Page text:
Charles Dickens & George Frideric Handel: Two Quotes

This is a first in my “Two Quote” series, since it sets side by side not only a written quotation but a musical one.

It’s rare when music is mentioned in literature that I feel inclined to dwell much on it but when the writer is Dickens and the composer is Handel, well, naturally I took the bait. Needless to say, the comic nature of poor Bella’s father’s grimly melodious characterization of his marriage took flight. But then Dickens always did have a way of making you literally laugh through your tears, perhaps even his own as he was at the time estranged from his wife.

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Our Mutual Friend was his last completed work and, as if in a farewell gesture, Dickens throws into it the unrestrained comic genius and dramatic flair of his first novel (The Pickwick Papers, 1837) which brought him the acclaim he richly deserved. In the excerpt below, the “Dead March” from Handel’s dramatic oratorio, Saul, is made to dance to the sorrowful notes of Reginald Wilfer’s portrait of married life.

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Mrs. Wilfer, writes Dickens, “is a tall woman, and angular,” necessarily so according to the matrimonial law of contrasts, her husband being “cherubic.” “It is as you think, R. W.; not as I do,” comprised a part of her deceptively submissive repertoire of aphorisms with which she managed him. Only to Bella, his eldest daughter, is Reginald Wilfer able to relax his guard and venture into unfettered conversation.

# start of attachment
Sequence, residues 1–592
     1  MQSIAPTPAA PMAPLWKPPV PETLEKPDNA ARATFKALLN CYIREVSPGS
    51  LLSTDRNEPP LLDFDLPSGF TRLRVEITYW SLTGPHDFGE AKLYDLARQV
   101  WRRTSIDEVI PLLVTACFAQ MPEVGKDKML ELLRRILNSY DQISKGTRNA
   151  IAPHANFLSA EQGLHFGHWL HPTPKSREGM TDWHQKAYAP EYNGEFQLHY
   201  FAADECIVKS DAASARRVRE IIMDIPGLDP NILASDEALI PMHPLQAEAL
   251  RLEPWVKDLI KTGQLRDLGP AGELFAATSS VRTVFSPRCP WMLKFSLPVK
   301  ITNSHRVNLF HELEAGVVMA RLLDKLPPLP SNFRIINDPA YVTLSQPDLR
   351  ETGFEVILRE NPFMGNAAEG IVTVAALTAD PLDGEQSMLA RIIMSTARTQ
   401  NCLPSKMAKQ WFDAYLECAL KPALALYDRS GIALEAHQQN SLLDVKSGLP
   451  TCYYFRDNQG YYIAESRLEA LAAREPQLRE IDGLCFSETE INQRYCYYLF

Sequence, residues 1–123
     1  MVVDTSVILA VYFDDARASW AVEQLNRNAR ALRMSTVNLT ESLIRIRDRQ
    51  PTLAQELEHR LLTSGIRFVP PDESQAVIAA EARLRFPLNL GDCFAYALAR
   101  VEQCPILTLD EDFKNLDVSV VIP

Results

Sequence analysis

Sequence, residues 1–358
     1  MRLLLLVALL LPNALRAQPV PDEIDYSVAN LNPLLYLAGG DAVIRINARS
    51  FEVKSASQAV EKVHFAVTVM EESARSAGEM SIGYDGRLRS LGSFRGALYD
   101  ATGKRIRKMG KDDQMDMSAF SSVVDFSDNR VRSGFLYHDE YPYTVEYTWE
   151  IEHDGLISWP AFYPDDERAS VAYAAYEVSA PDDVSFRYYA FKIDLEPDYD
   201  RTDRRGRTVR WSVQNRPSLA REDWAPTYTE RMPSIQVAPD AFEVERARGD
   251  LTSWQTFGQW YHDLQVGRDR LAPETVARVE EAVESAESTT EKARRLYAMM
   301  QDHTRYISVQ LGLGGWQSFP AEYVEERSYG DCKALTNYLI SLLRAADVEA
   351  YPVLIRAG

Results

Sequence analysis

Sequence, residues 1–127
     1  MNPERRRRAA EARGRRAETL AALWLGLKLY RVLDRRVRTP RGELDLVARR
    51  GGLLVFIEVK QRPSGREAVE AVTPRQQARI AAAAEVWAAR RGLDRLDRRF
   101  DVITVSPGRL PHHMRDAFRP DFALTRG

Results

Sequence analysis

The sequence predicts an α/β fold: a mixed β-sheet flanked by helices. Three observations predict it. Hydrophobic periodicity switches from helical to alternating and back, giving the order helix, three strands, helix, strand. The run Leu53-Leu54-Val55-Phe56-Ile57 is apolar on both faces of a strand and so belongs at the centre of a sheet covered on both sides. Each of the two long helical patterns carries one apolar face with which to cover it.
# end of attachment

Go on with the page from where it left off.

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Fauré’s “Sanctus”

“I never had a mother,” Emily Dickinson wrote. “I suppose a mother is one to whom you hurry when you are troubled.” But where mothers fail, God never fails. His is a mother’s touch that is always ready to receive, ready to lift and comfort, ready to provide what is needed. “Can a woman forget her nursing child, that she should have no compassion on the son of her womb? Even these may forget, yet I will not forget you” (Is. 49:15).

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Laudate Dominum